After taking just 26 of the last 66 points available, Leeds urgently need to placate their frustrated followers. Two games against a middling First Division team appears the ideal opportunity for Howard Wilkinson to rediscover the plot, but they will find Birmingham bursting to atone for a century of mediocrity.
While neighbouring Aston Villa can point to a string of championships, FA Cups and success in Europe, the club bearing the name of England's Second City have won just one major trophy, the League Cup. Even that was in 1963, when the competition was an irrelevance with a two-leg final and no Uefa Cup place for the winners.
Enter, after a further 30 years of under-achievement, David Sullivan, Essex man and publisher of the determinedly downmarket tabloid Sport titles. With his managing director, Karren Brady, he pledged to create a brave new blue world. Sullivan's passions may have been for horses and birds (nudge, nudge), but he was (is) seriously wealthy and ready to back Barry Fry with his chequebook.
His investment, backed up by the Gold brothers of Anne Summers sex shops fame, has not been on the scale of Jack Walker at Blackburn or the Haywards at Wolves. However, a rotten and rusting eyesore is now a stadium for the 21st century. And Fry, the great wheeler-dealer, has been able to indulge his compulsion with six-figure sums.
The turnover in players has been staggering, nearly 70 having figured in the first team during Fry's 26 months as manager. This week he has recruited Vinny Samways, John Sheridan and Gary Breen and he was recently linked - or linked himself - with Jan Molby, Nigel Clough, Marcus Stewart, Vinnie Jones, Chris Powell and even Giuseppe Bergomi.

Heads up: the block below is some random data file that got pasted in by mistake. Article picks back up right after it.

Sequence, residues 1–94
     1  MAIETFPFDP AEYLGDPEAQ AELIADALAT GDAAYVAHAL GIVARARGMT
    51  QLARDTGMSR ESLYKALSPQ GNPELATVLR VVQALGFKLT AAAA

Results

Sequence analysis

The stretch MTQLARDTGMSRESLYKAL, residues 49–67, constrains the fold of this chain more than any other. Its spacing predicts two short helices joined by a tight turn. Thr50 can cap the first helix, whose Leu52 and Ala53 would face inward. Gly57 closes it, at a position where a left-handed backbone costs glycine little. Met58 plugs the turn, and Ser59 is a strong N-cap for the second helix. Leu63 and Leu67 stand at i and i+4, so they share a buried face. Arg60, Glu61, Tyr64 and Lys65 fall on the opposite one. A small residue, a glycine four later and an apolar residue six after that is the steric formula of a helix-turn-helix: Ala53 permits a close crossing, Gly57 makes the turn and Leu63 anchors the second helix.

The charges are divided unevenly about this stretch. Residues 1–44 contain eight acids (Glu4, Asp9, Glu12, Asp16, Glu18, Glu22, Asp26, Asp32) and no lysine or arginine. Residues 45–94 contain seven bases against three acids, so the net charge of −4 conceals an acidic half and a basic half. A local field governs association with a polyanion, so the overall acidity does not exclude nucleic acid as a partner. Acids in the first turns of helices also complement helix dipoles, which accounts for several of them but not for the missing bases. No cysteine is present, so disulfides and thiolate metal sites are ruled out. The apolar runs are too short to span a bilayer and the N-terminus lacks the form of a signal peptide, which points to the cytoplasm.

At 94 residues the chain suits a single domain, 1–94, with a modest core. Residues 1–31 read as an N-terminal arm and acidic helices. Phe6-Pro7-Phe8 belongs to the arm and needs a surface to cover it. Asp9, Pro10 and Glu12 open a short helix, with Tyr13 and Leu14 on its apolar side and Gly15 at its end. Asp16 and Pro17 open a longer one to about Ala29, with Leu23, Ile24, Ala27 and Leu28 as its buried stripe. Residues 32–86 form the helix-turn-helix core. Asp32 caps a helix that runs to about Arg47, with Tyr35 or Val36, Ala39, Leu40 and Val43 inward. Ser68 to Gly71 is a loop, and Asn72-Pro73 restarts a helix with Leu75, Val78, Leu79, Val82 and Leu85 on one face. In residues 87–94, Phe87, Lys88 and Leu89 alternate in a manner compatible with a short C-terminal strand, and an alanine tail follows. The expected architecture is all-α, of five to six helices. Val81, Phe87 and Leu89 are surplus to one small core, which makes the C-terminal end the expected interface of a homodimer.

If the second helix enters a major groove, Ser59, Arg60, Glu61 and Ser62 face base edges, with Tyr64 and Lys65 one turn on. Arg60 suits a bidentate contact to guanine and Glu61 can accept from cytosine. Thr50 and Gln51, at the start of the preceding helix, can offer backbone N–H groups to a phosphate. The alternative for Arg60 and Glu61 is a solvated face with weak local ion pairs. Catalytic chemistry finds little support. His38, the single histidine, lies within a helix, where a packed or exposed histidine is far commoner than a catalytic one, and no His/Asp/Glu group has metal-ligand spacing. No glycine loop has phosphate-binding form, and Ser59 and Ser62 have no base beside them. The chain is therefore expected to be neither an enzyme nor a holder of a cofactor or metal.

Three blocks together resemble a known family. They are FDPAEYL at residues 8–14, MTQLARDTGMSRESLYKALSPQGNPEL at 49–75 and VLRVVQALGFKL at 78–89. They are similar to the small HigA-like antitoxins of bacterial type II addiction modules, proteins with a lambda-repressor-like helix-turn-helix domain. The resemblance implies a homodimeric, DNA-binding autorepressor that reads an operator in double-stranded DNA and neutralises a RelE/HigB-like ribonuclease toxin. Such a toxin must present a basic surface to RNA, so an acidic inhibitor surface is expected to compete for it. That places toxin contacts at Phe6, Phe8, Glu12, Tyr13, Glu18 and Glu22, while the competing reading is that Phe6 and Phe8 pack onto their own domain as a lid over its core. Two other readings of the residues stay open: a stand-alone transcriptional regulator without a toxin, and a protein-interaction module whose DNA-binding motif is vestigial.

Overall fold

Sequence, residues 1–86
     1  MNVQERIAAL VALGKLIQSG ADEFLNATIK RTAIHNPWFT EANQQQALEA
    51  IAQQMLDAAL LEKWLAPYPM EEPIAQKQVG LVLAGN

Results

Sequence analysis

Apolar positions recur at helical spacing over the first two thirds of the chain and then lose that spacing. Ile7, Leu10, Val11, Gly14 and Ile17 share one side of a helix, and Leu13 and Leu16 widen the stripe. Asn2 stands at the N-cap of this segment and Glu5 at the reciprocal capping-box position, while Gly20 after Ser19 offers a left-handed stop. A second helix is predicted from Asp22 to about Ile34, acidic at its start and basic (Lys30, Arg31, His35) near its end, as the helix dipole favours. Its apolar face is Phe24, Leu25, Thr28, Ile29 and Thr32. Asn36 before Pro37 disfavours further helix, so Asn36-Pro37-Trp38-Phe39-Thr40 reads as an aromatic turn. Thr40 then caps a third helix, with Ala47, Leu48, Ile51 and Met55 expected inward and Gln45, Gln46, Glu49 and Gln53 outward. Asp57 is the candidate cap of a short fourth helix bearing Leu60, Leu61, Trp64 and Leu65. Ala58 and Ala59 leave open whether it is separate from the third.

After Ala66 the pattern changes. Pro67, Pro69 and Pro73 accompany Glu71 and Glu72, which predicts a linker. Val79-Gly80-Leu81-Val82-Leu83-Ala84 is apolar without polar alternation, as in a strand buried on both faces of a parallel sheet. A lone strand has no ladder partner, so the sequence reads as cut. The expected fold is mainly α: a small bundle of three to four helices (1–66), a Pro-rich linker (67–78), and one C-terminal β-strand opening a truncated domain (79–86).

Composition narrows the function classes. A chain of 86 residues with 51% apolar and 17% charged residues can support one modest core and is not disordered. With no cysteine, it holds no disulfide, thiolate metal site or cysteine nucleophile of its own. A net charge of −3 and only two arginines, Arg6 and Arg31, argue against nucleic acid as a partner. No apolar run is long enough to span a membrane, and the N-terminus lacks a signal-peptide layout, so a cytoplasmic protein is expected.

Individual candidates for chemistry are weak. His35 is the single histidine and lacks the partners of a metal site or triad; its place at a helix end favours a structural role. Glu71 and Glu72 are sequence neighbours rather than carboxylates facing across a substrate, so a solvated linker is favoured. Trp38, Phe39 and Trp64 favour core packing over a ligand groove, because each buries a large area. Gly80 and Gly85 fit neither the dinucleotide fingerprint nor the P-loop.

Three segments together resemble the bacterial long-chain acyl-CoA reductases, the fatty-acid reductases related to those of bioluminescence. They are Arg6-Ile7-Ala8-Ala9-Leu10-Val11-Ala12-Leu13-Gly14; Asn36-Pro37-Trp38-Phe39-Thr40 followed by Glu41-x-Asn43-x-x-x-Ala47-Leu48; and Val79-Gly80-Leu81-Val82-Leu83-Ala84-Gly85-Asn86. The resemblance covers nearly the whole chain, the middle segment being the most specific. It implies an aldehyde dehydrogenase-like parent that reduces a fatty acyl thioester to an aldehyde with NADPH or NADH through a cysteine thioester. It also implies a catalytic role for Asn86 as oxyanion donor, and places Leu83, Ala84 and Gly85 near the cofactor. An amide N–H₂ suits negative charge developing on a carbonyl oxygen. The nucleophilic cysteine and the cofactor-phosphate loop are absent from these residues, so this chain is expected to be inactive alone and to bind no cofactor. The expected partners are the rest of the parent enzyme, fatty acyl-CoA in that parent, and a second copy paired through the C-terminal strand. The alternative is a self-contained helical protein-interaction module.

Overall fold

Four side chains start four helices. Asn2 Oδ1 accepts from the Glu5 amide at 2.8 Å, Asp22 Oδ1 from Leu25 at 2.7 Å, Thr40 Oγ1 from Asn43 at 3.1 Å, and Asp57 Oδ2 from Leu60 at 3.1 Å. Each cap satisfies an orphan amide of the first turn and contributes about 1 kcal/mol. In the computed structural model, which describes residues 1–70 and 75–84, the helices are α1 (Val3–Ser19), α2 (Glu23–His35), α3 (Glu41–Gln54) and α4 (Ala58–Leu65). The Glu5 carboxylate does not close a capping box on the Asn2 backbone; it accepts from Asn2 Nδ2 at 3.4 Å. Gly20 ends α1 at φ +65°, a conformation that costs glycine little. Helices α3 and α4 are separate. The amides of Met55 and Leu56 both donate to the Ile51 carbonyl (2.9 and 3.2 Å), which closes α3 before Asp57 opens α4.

All of which has kept Blues in the news and sustained interest (the average gate of 18,600 is more than double pre-takeover levels). But increasingly, Fry appears restless with the rate of progress, berating his board for behaving like a small club by scrapping their youth scheme in response to Bosman and stating that his next signings had to be in the pounds 1m class.
Sullivan's reluctance to pay Premiership wages scuppered at least one deal. Some observers see this as evidence of a limit to his ambitions. Others sense that he harbours reservations about Fry's capacity to take them on to the next stage.
That is why for Birmingham, and Fry in particular, the Leeds tie represents more than the possibility of a prestigious scalp and a day beneath the twin towers. If the former Barnet manager can outwit Wilkinson, the owners would have to defy popular opinion to deny him chance to preside over Blues' ascent to the "big club" status craved by their fans.